Step 8 – Vacuum the Furnace


Make sure that your Blower Switch is OFF (located next to your Furnace if you have one) or turn off the Circuit Breaker (or remove the Fuse) for the Furnace. Vacuum all the rest of the Furnace, beginning from the top and working your way down to the bottom. Vacuum all parts that contain dust, including: Furnace Walls, Burners, Wires, Blower Motor Ends, Floor, etc.


Tip:  Be careful not to disturb any wire connections when vacuuming.


Before vacuuming your Furnace, complete the following steps:

  • Turn OFF the Blower Switch next to your Furnace (if you have one) or turn off the Circuit Breaker (or remove the Fuse) for the Furnace. Next, take the Front Panel  OFF of the Furnace.


  • Lift up the Front Cover slightly and pull it toward you to remove it.


  • Remove the Lower Panel by gripping the sides and pulling it toward you.


Then, take your Shop Vac, starting from the top, down, vacuum everything in your Furnace, being careful not to disturb any Wiring.


Step 9 – Clean the Blower Motor Squirrel Cage Fan


Remove the Blower Motor and Clean the Squirrel Cage Fan.


  • Most Furnaces have a ‘Squirrel Cage’ Fan attached to the Blower Motor. This type of Fan provides quieter and more efficient air flow. It is a circular Fan with multiple fins which can become caked with dust over time. These fins should be cleaned every 2 – 3 years, or more often in a very dusty environment or if you own any pets.


Tip:  Most Blower Motors will have a Capacitor attached to the outside of them. Be very careful not to touch those connection or you will get a shock.


  • Before removing the Blower Motor, you will need to first make sure that all power is OFF to the Furnace, as was instructed in Step 7.


  • Then, trace the Wires from your Blower Motor to the Junction Box. These Wires will need to removed from the Junction Box before attempting to remove the Blower Motor.


  • Either take a Picture with your Smart Phone of the Blower Motor Wires or mark down on a piece of scratch paper, indicating the Wire Colors and their locations. This will help to insure that you will replace the Wires correctly when the cleaning has been completed.


Tip:  Be very careful not to touch the Terminals on the Capacitor, which is usually attached to the Motor Housing Cover, or you may get quite an Electrical jolt.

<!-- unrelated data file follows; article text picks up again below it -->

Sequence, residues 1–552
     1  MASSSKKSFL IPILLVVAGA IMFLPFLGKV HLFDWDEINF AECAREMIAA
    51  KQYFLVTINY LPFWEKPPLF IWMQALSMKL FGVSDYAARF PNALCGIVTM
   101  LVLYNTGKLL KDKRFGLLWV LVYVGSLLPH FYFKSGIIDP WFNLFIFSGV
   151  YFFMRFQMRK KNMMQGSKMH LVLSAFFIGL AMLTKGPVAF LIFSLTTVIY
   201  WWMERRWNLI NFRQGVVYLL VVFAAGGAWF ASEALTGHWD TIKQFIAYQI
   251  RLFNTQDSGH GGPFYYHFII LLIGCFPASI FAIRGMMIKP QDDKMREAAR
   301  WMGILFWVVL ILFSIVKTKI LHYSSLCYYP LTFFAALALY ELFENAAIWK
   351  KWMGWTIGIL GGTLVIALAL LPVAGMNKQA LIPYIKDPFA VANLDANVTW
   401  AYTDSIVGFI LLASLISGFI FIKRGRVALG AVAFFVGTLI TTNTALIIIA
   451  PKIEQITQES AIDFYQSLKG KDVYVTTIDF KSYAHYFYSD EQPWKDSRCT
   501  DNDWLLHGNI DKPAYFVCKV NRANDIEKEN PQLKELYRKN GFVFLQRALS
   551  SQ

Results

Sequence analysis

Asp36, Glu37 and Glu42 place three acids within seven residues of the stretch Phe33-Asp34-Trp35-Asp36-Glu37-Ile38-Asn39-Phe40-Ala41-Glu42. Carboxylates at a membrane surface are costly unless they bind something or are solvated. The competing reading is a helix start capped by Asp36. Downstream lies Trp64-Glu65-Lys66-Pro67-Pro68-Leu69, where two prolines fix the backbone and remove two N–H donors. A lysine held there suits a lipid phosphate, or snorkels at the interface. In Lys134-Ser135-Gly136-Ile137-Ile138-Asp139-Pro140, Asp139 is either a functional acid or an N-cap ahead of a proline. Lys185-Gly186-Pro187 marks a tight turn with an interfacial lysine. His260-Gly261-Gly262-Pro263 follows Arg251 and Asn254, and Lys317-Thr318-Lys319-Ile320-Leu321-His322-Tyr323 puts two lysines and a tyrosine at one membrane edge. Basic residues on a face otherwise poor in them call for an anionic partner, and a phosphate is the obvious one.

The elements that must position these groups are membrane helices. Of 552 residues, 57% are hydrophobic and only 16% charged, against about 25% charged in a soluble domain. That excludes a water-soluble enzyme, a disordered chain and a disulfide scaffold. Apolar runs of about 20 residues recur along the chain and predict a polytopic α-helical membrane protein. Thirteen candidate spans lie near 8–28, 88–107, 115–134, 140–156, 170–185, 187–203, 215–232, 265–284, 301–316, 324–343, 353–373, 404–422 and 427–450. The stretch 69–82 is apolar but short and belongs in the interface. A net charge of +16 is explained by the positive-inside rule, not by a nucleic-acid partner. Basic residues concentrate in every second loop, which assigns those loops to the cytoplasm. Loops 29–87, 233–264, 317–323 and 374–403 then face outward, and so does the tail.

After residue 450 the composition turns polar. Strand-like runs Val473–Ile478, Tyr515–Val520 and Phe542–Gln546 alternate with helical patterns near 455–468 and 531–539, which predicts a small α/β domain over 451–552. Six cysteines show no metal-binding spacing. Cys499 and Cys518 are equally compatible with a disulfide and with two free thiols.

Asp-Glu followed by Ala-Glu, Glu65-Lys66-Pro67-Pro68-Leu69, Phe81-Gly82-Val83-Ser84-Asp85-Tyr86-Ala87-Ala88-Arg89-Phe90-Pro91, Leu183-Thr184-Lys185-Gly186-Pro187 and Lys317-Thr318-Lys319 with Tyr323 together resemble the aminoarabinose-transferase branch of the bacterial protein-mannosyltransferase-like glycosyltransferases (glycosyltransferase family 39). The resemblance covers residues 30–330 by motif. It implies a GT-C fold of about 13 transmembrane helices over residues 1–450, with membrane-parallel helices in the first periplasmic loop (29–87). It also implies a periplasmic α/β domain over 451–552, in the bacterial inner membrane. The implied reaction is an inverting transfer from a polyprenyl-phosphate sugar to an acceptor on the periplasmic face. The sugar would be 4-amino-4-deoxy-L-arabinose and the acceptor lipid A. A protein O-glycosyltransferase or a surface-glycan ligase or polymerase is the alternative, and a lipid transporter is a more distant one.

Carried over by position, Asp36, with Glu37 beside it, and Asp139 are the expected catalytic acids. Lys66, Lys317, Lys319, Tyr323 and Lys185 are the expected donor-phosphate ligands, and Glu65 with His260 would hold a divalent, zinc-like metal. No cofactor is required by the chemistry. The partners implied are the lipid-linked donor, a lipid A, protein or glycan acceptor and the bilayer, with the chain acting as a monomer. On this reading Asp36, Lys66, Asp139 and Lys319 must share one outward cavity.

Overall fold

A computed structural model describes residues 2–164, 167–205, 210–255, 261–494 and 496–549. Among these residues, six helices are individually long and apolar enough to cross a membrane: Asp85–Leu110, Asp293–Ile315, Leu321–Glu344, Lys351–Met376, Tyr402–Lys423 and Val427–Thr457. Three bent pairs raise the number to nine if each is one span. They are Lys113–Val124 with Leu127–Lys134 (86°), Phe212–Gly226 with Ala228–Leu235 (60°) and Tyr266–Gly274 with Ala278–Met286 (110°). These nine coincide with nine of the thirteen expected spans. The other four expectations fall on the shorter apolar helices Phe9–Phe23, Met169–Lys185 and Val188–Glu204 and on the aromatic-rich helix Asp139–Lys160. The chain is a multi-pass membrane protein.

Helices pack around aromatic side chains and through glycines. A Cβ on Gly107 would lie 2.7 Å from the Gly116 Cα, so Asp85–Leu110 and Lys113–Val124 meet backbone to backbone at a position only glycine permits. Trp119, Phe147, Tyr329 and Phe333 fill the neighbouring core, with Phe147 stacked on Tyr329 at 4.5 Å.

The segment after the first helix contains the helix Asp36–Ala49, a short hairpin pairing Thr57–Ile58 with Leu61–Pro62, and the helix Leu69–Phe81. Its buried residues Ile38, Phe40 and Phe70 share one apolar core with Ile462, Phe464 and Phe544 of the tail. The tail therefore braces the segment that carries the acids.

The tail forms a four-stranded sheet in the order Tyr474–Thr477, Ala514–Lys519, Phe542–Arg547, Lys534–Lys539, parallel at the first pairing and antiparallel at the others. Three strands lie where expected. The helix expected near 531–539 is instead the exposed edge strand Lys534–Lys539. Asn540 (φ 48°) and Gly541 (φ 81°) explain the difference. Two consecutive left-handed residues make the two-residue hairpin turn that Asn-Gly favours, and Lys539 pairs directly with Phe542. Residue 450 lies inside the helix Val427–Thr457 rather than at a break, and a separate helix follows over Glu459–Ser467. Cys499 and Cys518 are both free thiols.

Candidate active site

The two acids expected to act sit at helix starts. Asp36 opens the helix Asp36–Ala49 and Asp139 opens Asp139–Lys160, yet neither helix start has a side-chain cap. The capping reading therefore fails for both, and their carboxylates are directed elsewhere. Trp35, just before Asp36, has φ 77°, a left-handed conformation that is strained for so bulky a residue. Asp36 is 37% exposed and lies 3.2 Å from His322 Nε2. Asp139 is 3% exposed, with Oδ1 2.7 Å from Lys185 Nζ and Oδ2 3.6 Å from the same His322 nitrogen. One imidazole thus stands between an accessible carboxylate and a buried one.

• Now you will unbolt the Motor.


  • Usually, there are only (2) small Bolts holding the Blower Motor in place. These will be located near the front of the Motor on either end, attaching the Motor Frame to the Furnace. Using your 1/4” Ratchet, small extension (if needed), and correct Socket size, remove the (2) Bolts and set them off to the side.


  • Once the Wires and the Bolts have been removed, the Blower Motor should just slide out toward you. Be careful, as these Motors tend to be rather heavy. Once removed, set the Motor down on the Floor, and using your small Wire Brush, clean all of the Motor Fins. Then, take your Shop Vac and vacuum up any dust. You can also take a damp Rag, and wipe each of the Fins when you are finished removing all of the heavy dust and dirt.


  • Next, vacuum both ends of the Motor, including any Wire Coils that are there.


  • Then, check to see if your Motor contains any Oiling Ports. These Ports will be located at either end of the Motor, allowing a few drops of Oil to be added to keep the Motor Bearings lubricated. It will usually be a small Plug, or possibly a small, hinged, pop-up Door. Older Motors will have these. Newer Motors will not have these, as they usually have sealed Self-Oiling Bearings.

  • If you do have the Oil Ports, remove the Plugs (using your small Channel Lock Pliers), and place 3 – 4 drops of lightweight Oil in each Port. Use either a 10W Motor Oil, Machine Oil, or Sewing Machine Oil. Do not put more than the recommended amount of Oil into each Port, or you may damage the Motor.


  • Once the Motor has been cleaned and Oiled, you should reinstall the Blower Motor, reversing the removal process. First, slide it back into place, screw in your Bolts and tighten them snug, being careful not to over tighten and strip out the Bolts. Then, reattach your Wires according to the color coded positions that you previously recorded.


Step 10 – Replace Your Furnace Doors and Test


Once all of the cleaning has been completed, replace both your lower and upper Furnace Doors, turn the Power back on, and test your Furnace by turning up the heat on your Thermostat.


  • If you are unsure about the cleaning of your Furnace, you can always hire a Professional to come and do the work for you. You can find reputable Contractors & Handypersons at any of the following:



Nice Job! Your Furnace should give you another Year of Good Service!


Please take the time to leave a Comment or ask a Question in the Comments section below. Let me know how your Project went.



CJ Dodaro